Peter Misselbrook's Blog
May 9 2019 - 2 Samuel 12 – Solomon / Jedidiah

Nathan the prophet was sent to David to deliver a word from the Lord concerning David's conduct. But he does not deliver the word directly; instead he tells David a story about a rich man who robs a poor man of his precious ewe lamb. David is filled with anger when he hears the story; "As surely as the LORD lives, the man who did this must die! He must pay for that lamb four times over, because he did such a thing and had no pity" (2 Samuel 12:5-6). Nathan then delivers the shocking verdict, "You are the man!" (12:7).

Nathan reminds David of all that God had done for him and his ingratitude and wickedness in stealing Uriah's wife and having Uriah killed. As a result David will experience warfare from within his own household. David should not doubt that the Lord is able to forgive his sin, but equally he must know that sin has consequences; the son that Bathsheba has born him will die.

It is easy for us to identify sin in others and even to be full of righteous anger over the things that others have done. At such moments we need to search our own hearts; could it be that we are guilty of similar sins and need to hear God's verdict "You are the person!"? Our anger over the wrongdoing of others should lead us to conviction of our own sin and to repentance.

We should not doubt that God forgives our sin – forgives it completely for Jesus sake. Nevertheless sin has the most terrible consequences. A moment of folly can result in generations of hurt – wounded relationships, broken marriages, damaged lives... Our righteous anger needs to be directed into a careful guarding of our own hearts that we might not sin against God and damage those he has created in his image, particularly those we love.

Bathsheba's child is ill and despite David's urgent prayers the child dies. Only then does David get up, wash himself and go to God's house to worship. Probably it was at this time that he composed Psalm 51 and used it in his worship of God: "Have mercy on me, O God, according to your unfailing love; according to your great compassion blot out my transgressions…"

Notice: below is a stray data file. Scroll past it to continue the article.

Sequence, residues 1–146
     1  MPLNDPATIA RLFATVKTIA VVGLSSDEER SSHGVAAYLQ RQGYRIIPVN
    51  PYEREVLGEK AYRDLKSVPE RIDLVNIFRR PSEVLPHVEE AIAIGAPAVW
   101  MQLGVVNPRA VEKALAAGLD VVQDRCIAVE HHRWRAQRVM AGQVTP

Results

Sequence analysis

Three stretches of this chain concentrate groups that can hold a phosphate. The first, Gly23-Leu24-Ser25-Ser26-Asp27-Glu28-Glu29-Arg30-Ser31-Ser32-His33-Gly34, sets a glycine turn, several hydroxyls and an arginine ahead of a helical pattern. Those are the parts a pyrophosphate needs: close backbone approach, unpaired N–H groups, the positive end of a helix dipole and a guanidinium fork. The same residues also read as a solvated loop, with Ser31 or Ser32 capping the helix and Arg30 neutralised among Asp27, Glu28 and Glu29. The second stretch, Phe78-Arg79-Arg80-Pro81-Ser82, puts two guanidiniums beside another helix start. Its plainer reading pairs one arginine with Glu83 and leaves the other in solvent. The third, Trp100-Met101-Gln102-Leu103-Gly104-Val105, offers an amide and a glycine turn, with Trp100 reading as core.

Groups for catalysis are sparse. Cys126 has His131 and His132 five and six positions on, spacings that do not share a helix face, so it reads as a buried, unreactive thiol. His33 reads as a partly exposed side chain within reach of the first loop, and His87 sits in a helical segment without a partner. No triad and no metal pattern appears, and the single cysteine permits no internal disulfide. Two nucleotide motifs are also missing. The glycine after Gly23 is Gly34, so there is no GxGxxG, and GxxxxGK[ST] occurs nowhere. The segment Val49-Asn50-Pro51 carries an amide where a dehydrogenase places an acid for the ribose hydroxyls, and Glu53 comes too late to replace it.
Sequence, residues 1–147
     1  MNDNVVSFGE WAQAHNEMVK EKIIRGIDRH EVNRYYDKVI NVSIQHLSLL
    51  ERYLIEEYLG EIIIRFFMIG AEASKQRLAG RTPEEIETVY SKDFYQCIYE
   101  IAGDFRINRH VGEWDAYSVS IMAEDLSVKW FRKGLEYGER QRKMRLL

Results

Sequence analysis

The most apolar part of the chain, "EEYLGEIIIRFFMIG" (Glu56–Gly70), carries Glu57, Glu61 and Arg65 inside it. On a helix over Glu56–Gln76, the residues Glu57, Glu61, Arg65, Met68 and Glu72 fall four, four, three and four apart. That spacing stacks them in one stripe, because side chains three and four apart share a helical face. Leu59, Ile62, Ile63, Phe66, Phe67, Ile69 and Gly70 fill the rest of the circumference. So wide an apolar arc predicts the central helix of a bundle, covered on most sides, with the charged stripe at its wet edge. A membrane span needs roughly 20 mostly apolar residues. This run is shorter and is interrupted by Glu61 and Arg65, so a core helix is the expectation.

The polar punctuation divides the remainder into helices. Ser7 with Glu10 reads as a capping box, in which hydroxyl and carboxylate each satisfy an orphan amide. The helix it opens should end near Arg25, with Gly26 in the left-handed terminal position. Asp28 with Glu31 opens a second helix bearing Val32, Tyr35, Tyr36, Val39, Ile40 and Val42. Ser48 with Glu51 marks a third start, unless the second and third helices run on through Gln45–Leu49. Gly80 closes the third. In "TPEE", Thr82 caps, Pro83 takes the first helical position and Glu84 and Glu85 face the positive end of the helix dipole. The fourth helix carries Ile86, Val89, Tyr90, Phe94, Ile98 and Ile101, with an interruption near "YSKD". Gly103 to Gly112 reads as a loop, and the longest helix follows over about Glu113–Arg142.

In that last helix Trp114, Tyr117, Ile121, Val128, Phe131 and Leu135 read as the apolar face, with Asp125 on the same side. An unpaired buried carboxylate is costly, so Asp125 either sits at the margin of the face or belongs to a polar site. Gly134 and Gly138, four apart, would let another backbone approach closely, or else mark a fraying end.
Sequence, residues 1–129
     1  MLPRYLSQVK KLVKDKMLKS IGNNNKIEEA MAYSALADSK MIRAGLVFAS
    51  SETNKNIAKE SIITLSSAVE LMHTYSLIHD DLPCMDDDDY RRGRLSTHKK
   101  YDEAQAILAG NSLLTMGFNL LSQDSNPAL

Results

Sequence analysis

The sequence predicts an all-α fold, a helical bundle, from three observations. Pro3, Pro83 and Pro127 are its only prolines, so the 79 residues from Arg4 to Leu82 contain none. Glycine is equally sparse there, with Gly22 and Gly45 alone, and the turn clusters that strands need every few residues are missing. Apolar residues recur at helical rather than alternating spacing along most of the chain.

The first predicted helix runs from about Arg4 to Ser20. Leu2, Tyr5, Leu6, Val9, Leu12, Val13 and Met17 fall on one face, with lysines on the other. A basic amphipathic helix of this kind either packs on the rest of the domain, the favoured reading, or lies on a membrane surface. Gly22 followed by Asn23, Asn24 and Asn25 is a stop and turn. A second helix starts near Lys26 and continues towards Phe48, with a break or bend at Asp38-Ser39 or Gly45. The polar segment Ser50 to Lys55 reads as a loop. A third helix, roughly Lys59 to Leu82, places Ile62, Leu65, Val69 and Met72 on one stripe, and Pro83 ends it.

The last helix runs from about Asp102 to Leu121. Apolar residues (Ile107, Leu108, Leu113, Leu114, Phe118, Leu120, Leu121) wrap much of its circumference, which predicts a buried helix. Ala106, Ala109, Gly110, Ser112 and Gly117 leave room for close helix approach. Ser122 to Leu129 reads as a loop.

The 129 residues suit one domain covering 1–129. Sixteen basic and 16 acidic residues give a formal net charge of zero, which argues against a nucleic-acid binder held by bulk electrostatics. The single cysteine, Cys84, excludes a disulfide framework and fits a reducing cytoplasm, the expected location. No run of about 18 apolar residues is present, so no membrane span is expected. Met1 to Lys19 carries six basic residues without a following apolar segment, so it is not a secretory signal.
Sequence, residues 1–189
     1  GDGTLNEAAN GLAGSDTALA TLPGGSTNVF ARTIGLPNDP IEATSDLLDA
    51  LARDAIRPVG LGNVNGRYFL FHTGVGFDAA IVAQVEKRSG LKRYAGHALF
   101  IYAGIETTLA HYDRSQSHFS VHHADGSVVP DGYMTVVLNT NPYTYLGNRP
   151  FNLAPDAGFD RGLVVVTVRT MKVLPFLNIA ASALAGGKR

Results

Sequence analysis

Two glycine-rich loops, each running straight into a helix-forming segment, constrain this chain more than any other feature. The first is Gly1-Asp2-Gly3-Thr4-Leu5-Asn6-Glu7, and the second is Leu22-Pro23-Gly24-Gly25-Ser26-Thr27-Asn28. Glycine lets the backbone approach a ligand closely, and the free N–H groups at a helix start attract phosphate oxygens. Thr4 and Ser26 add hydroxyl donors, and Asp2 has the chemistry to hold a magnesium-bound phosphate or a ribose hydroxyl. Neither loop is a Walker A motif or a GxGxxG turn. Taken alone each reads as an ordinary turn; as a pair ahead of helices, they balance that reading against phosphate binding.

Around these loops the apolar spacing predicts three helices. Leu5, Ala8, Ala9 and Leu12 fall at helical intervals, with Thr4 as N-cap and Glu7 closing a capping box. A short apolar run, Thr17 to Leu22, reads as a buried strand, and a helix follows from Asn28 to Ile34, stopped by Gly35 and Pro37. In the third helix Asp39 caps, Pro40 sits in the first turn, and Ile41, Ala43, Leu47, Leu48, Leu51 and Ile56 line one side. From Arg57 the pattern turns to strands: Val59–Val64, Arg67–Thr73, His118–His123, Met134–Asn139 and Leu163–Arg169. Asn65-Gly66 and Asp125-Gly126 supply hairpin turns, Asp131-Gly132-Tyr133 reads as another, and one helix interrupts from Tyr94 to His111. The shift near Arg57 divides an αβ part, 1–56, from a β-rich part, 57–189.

And God was gracious to David. Bathsheba bore him a second son whom they named Solomon. We read, "The LORD loved him; and because the LORD loved him, he sent word through Nathan the prophet to name him Jedidiah [loved by the Lord]" (1 Samuel 12:25).

God has a way of bringing good out of evil. This never excuses evil, as the death of Bathsheba's first son shows very clearly. Nevertheless, the Lord is unfailing in his love and compassion, mercy and forgiveness: "Mercy triumphs over judgment" (James 2:13).

I want to switch to a scene in a garden where Jesus prostrates himself and cries out in anguish to God his Father that he may be spared the horrors of the cross. Jesus also is submissive to the will of the Father. He is Jedidiah – loved by God. Yet now it is this beloved Son who faces death for our sin. He dies that we might be forgiven; he is risen and lives forever as Lord and Saviour. Through his death and resurrection the unfailing love and forgiveness of God are poured out into our lives; we too are Jedidiah – loved by the Lord.

Righteous Father, help us to hear what you are saying to us through your word. We are filled with righteous anger and sorrow over the conduct of David and so many other characters in Scripture. Help us to see that we are made of the same stuff as them. Help us to see our own sin – its ingratitude, its offence against you and the damage it does to ourselves and to others. Thank you that your own Son died because of our sin but lives forever to be our Saviour. We recognise that we often fail to be the person you want us to be. But we rejoice that we are loved by you and accepted in your beloved Son.

Peter Misselbrook